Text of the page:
**A Gentle Introduction to Stata, Sixth Edition**

81,500원

Author: Alan C. Acock Publisher: Stata Press Copyright: 2018 ISBN-13: 978-1-59718-269-0 Pages: 570; paperback

Alan C. Acock's *A Gentle Introduction to Stata, Sixth Edition* is aimed at new Stata users who want to become proficient in Stata. After reading this introductory text, new users will be able not only to use Stata well but also to learn new aspects of Stata.

Acock assumes that the user is not familiar with any statistical software. This assumption of a blank slate is central to the structure and contents of the book. Acock starts with the basics; for example, the part of the book that deals with data management begins with a careful and detailed example of turning survey data on paper into a Stata-ready dataset on the computer. When explaining how to go about basic exploratory statistical procedures, Acock includes notes that will help the reader develop good work habits. This mixture of explaining good Stata habits and good statistical habits continues throughout the book.

Acock is quite careful to teach the reader all aspects of using Stata. He covers data management, good work habits (including the use of basic do-files), basic exploratory statistics (including graphical displays), and analyses using the standard array of basic statistical tools (correlation, linear and logistic regression, and parametric and nonparametric tests of location and dispersion). He also successfully introduces some more advanced topics such as multiple imputation and multilevel modeling in a very approachable manner. Acock teaches Stata commands by using the menus and dialog boxes while still stressing the value of do-files. In this way, he ensures that all types of users can build good work habits. Each chapter has exercises that the motivated reader can use to reinforce the material.

The tone of the book is friendly and conversational without ever being glib or condescending. Important asides and notes about terminology are set off in boxes, which makes the text easy to read without any convoluted twists or forward referencing. Rather than splitting topics by their Stata implementation, Acock arranges the topics as they would appear in a basic statistics textbook; graphics and postestimation are woven into the material in a natural fashion. Real datasets, such as the *General Social Surveys* from 2002, 2006, and 2016, are used throughout the book.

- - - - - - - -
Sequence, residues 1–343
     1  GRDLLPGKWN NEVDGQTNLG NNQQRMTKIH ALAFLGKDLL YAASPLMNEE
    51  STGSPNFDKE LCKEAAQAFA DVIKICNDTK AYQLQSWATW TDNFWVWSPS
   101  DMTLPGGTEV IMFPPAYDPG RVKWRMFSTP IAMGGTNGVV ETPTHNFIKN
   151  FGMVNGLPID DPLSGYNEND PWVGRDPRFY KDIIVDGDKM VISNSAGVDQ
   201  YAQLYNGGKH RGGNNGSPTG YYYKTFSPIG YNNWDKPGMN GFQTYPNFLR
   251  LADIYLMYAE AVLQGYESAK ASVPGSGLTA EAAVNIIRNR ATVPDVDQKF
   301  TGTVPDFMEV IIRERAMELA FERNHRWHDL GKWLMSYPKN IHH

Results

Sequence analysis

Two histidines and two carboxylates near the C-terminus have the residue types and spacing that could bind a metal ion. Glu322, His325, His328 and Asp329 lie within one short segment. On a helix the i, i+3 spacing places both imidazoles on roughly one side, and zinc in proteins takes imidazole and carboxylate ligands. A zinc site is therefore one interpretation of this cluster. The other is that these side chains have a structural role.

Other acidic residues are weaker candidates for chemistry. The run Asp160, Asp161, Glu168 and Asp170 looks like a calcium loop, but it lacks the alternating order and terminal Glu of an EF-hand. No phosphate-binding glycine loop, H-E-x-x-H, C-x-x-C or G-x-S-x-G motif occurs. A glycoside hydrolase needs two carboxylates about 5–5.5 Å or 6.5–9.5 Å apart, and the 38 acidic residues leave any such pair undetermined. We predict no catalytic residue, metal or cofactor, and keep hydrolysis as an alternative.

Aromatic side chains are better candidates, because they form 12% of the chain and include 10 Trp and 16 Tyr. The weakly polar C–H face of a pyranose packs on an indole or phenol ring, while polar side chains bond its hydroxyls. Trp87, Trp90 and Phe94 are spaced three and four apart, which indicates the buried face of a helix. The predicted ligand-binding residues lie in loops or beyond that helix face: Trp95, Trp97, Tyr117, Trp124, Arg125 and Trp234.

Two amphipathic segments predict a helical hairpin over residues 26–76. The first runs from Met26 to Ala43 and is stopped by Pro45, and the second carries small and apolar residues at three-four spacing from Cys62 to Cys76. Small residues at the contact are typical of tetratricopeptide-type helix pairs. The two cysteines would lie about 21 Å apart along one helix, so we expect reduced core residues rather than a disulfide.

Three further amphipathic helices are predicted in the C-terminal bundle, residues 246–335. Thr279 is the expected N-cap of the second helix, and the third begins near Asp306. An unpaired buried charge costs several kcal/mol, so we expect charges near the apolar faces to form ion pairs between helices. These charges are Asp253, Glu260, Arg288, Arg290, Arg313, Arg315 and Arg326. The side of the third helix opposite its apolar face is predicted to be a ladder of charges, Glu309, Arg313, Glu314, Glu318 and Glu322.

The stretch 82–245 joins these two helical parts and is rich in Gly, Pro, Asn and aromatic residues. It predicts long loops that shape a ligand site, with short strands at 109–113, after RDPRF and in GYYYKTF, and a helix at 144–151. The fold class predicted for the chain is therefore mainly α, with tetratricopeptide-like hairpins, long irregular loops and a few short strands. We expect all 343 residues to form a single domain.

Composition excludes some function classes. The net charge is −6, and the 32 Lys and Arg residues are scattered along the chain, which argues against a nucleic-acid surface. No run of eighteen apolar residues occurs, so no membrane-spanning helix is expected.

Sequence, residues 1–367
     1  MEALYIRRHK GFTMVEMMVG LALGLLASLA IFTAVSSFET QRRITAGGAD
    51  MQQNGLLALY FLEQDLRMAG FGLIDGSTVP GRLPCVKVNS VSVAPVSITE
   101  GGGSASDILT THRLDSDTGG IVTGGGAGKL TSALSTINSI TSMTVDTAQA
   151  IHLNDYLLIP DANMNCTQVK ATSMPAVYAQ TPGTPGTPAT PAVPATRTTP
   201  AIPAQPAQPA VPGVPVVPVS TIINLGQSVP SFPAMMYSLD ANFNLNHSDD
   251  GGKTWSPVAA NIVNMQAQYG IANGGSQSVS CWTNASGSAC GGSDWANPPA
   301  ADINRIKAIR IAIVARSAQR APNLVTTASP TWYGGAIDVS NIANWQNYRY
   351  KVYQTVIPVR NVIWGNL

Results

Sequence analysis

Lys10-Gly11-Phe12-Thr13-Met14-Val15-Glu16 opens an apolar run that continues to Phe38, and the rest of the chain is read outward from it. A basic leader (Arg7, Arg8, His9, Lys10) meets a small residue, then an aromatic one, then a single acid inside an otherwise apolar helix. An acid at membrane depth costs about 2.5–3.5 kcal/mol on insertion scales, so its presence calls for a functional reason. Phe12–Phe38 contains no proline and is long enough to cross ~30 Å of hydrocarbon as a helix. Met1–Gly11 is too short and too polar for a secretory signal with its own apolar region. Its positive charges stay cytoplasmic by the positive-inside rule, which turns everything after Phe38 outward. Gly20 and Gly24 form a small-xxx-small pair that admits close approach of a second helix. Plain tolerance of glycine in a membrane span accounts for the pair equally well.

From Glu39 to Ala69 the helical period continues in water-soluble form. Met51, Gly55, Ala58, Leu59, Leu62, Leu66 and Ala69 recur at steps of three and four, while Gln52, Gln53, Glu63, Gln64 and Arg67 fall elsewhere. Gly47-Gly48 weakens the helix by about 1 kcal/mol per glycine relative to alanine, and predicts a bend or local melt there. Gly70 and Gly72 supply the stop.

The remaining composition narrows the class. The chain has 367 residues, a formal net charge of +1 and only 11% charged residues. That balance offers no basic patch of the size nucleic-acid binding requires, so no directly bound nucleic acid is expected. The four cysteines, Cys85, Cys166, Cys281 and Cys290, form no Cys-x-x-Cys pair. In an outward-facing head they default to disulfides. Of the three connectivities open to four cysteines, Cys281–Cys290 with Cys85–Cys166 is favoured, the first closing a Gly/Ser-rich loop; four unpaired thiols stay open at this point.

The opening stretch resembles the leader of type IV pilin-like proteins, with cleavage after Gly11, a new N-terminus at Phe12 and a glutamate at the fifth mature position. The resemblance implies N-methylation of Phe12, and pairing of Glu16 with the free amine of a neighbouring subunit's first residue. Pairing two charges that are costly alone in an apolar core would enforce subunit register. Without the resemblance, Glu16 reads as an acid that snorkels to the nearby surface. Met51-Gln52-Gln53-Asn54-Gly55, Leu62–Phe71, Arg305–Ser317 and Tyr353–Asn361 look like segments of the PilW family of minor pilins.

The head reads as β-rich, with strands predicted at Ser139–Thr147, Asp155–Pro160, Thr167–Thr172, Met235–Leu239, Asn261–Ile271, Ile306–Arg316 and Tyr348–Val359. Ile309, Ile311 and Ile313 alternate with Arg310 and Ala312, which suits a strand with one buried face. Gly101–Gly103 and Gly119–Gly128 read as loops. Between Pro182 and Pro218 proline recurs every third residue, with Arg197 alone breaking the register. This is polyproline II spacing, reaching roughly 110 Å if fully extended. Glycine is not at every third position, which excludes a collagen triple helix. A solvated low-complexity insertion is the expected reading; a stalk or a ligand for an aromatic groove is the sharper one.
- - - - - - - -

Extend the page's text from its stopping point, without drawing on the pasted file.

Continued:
The focus of the book is especially helpful for those in the behavioral and social sciences because the presentation of basic statistical modeling is supplemented with discussions of effect sizes and standardized coefficients. Various selection criteria, such as semipartial correlations, are discussed for model selection. Acock also covers a variety of commands available for evaluating reliability and validity of measurements.

The sixth edition incorporates new features of Stata 15. All menus, dialog boxes, and instructions for using the point-and-click interface have been updated. Power-and-sample-size calculations for linear regression are demonstrated using Stata 15's new power rsquared command. This edition also includes new sections that describe how to evaluate convergent and discriminant validity, how to compute effect sizes for *t* tests and ANOVA models, how to use margins and marginsplot to interpret results of linear and logistic regression models, and how to use full-information maximum-likelihood (FIML) estimation with SEM to address problems with missing data.

Alan Acock is a sociologist and a University Distinguished Professor Emeritus in the School of Social and Behavioral Health Sciences at Oregon State University. He held the Knudson Chair in Family Research and was also recognized as the Alumni Distinguished Professor based on his work with students. He is the author of *Discovering Structural Equation Modeling Using Stata, Revised Edition*. He has published more than 150 articles in leading journals across the social and behavioral sciences, including *Structural Equation Modeling, Psychological Bulletin, Multivariate Behavioral Research, Journal of Gerontology, Journal of Adolescence, American Journal of Public Health, American Sociological Review, Journal of Marriage and Family, Social Forces, Drug and Alcohol Dependence, Educational and Psychological Measurement, Journal of Politics, Prevention Science, American Journal of Preventive Medicine*, and many others. With this broad experience, Acock brings examples from a variety of disciplines.

1.2 Introduction

1.3 The Stata screen

1.4 Using an existing dataset

1.5 An example of a short Stata session

1.6 Video aids to learning Stata

1.7 Summary

1.8 Exercises

2.2 An example questionnaire

2.3 Developing a coding system

2.4 Entering data using the Data Editor

2.6 The Data Editor (Browse) view

2.7 Saving your dataset

2.8 Checking the data

2.9 Summary

2.10 Exercises

3.2 Planning your work

3.3 Creating value labels

3.4 Reverse-code variables